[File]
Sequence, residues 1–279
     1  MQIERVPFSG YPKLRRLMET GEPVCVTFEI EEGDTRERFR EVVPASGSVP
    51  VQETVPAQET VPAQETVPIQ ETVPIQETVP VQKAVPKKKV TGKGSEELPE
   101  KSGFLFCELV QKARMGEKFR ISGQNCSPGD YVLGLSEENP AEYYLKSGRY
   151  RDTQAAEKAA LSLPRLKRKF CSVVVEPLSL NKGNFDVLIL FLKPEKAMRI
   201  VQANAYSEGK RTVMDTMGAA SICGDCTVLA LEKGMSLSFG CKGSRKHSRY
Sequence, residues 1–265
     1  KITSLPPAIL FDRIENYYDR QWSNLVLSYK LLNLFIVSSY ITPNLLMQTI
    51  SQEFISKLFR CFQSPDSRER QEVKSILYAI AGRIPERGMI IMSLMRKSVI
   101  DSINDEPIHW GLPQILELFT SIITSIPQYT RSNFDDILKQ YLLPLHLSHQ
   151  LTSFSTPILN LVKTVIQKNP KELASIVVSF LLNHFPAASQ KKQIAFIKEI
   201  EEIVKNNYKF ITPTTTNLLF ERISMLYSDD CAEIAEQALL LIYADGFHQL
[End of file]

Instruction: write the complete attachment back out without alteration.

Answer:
Sequence, residues 1–279
     1  MQIERVPFSG YPKLRRLMET GEPVCVTFEI EEGDTRERFR EVVPASGSVP
    51  VQETVPAQET VPAQETVPIQ ETVPIQETVP VQKAVPKKKV TGKGSEELPE
   101  KSGFLFCELV QKARMGEKFR ISGQNCSPGD YVLGLSEENP AEYYLKSGRY
   151  RDTQAAEKAA LSLPRLKRKF CSVVVEPLSL NKGNFDVLIL FLKPEKAMRI
   201  VQANAYSEGK RTVMDTMGAA SICGDCTVLA LEKGMSLSFG CKGSRKHSRY
Sequence, residues 1–265
     1  KITSLPPAIL FDRIENYYDR QWSNLVLSYK LLNLFIVSSY ITPNLLMQTI
    51  SQEFISKLFR CFQSPDSRER QEVKSILYAI AGRIPERGMI IMSLMRKSVI
   101  DSINDEPIHW GLPQILELFT SIITSIPQYT RSNFDDILKQ YLLPLHLSHQ
   151  LTSFSTPILN LVKTVIQKNP KELASIVVSF LLNHFPAASQ KKQIAFIKEI
   201  EEIVKNNYKF ITPTTTNLLF ERISMLYSDD CAEIAEQALL LIYADGFHQL